by Sherri Rose
Assistant Professor of Health Care Policy
Harvard Medical School
Targeted learning methods build machine-learning-based estimators of parameters defined as features of the probability distribution of the data, while also providing influence-curve or bootstrap-based confidence internals. The theory offers a general template for creating targeted maximum likelihood estimators for a data structure, nonparametric or semiparametric statistical model, and parameter mapping. These estimators of causal inference parameters are double robust and have a variety of other desirable statistical properties.
Targeted maximum likelihood estimation built on the loss-based “super learning” system such that lower-dimensional parameters could be targeted (e.g., a marginal causal effect); the remaining bias for the (low-dimensional) target feature of the probability distribution was removed. Targeted learning for effect estimation and causal inference allows for the complete integration of machine learning advances in prediction while providing statistical inference for the target parameter(s) of interest. Further details about these methods can be found in the many targeted learning papers as well as the 2011 targeted learning book.
Practical tools for the implementation of targeted learning methods for effect estimation and causal inference have developed alongside the theoretical and methodological advances. While some work has been done to develop computational tools for targeted learning in proprietary programming languages, such as SAS, the majority of the code has been built in R.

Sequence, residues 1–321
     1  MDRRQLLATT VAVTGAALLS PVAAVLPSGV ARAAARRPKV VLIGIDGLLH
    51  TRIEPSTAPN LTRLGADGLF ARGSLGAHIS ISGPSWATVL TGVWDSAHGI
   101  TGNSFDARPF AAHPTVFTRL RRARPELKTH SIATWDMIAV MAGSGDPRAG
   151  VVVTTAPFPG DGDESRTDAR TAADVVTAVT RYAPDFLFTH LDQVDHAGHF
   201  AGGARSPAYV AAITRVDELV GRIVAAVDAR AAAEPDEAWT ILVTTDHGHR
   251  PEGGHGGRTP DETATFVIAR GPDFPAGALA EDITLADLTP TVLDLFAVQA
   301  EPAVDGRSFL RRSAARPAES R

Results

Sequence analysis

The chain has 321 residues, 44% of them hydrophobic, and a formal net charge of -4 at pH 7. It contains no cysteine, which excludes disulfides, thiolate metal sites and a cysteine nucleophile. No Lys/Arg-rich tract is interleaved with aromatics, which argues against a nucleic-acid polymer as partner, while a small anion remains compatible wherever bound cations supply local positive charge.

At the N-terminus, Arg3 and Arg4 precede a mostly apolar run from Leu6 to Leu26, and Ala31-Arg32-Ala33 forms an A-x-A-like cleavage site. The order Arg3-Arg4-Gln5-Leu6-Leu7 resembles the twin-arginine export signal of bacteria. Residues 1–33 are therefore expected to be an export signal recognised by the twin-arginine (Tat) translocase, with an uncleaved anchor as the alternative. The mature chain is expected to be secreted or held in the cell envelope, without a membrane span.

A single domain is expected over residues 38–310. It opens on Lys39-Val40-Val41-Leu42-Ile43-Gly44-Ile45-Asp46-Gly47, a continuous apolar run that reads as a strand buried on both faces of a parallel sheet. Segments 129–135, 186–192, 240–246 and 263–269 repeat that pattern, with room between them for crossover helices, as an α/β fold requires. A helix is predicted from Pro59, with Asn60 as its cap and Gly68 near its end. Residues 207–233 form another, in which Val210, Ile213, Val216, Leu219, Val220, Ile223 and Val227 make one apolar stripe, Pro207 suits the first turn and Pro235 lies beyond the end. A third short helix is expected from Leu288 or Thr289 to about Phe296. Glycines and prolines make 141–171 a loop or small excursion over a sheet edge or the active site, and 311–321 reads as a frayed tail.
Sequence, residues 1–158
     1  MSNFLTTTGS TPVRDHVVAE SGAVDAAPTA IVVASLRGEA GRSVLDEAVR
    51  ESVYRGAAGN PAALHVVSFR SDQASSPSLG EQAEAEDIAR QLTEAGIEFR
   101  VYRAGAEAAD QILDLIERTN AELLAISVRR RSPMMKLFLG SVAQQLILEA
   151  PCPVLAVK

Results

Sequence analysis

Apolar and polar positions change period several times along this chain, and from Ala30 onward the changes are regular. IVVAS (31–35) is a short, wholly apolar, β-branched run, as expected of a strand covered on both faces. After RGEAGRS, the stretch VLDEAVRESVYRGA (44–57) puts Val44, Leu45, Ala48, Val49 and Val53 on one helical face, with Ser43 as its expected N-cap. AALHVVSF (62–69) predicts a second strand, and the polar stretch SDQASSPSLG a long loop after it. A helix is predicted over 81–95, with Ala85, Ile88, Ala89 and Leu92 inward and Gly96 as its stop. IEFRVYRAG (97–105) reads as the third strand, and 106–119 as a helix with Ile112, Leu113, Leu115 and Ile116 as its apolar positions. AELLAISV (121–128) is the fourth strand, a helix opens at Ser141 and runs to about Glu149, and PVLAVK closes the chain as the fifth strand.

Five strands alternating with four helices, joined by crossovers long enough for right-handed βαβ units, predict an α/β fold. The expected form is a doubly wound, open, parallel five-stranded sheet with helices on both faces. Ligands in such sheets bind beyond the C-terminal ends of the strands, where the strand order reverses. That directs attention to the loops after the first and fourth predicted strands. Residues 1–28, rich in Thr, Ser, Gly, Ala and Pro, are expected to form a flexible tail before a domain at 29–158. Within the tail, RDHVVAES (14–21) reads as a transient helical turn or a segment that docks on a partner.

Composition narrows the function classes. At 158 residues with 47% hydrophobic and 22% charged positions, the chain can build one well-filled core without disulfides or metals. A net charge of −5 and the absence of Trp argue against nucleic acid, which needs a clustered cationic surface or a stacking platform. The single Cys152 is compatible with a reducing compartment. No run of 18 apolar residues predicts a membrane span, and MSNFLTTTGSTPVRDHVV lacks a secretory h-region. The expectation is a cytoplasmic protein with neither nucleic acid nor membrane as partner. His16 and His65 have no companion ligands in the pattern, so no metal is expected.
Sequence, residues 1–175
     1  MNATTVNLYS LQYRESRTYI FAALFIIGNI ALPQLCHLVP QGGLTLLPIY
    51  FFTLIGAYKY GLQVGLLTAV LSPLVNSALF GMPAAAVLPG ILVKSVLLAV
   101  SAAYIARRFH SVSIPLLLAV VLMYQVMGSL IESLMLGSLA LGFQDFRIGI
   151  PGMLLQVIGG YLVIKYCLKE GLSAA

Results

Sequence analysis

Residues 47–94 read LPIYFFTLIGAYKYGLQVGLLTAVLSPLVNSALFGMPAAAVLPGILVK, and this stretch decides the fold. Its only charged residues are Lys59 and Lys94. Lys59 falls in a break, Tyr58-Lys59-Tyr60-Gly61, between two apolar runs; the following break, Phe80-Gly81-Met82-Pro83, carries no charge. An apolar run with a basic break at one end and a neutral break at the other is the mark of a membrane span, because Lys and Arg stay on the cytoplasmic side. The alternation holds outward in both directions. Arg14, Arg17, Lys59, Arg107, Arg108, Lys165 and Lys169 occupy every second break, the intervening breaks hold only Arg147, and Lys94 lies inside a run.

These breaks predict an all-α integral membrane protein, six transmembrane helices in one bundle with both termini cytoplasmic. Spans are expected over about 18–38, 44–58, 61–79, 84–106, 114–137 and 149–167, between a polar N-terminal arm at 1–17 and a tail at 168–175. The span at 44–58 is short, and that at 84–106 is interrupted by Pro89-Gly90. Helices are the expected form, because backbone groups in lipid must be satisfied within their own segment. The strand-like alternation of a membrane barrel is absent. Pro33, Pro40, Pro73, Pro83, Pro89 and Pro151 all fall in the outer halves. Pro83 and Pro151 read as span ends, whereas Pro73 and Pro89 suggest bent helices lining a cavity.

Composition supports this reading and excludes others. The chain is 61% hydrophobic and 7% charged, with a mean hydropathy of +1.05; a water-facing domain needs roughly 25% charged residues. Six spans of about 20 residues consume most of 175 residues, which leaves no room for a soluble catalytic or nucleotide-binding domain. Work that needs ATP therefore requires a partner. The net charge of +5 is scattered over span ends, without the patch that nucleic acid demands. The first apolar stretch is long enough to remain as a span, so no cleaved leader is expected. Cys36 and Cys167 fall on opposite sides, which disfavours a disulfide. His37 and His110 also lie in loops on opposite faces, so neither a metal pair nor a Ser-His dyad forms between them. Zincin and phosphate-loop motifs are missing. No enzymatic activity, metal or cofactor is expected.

Of key importance are the two R packages SuperLearner and tmle. Ensembling with SuperLearner allows us to use many algorithms to generate an ideal prediction function that is a weighted average of all the algorithms considered. The SuperLearner package, authored by Eric Polley (NCI), is flexible, allowing for the integration of dozens of prespecified potential algorithms found in other packages as well as a system of wrappers that provide the user with the ability to design their own algorithms, or include newer algorithms not yet added to the package. The package returns multiple useful objects, including the cross-validated predicted values, final predicted values, vector of weights, and fitted objects for each of the included algorithms, among others.
Below is sample code with the ensembling prediction package SuperLearner using a small simulated data set.
library(SuperLearner) ##Generate simulated data## set.seed(27) n<-500 data <- data.frame(W1=runif(n, min = .5, max = 1), W2=runif(n, min = 0, max = 1), W3=runif(n, min = .25, max = .75), W4=runif(n, min = 0, max = 1)) data <- transform(data, #add W5 dependent on W2, W3 W5=rbinom(n, 1, 1/(1+exp(1.5*W2-W3)))) data <- transform(data, #add Y dependent on W1, W2, W4, W5 Y=rbinom(n, 1,1/(1+exp(-(-.2*W5-2*W1+4*W5*W1-1.5*W2+sin(W4)))))) summary(data) ##Specify a library of algorithms## SL.library <- c("SL.nnet", "SL.glm", "SL.randomForest") ##Run the super learner to obtain predicted values for the super learner as well as CV risk for algorithms in the library## fit.data.SL<-SuperLearner(Y=data[,6],X=data[,1:5],SL.library=SL.library, family=binomial(),method="method.NNLS", verbose=TRUE) ##Run the cross-validated super learner to obtain its CV risk## fitSL.data.CV <- CV.SuperLearner(Y=data[,6],X=data[,1:5], V=10, SL.library=SL.library,verbose = TRUE, method = "method.NNLS", family = binomial()) ##Cross validated risks## mean((data[,6]-fitSL.data.CV$SL.predict)^2) #CV risk for super learner fit.data.SL #CV risks for algorithms in the library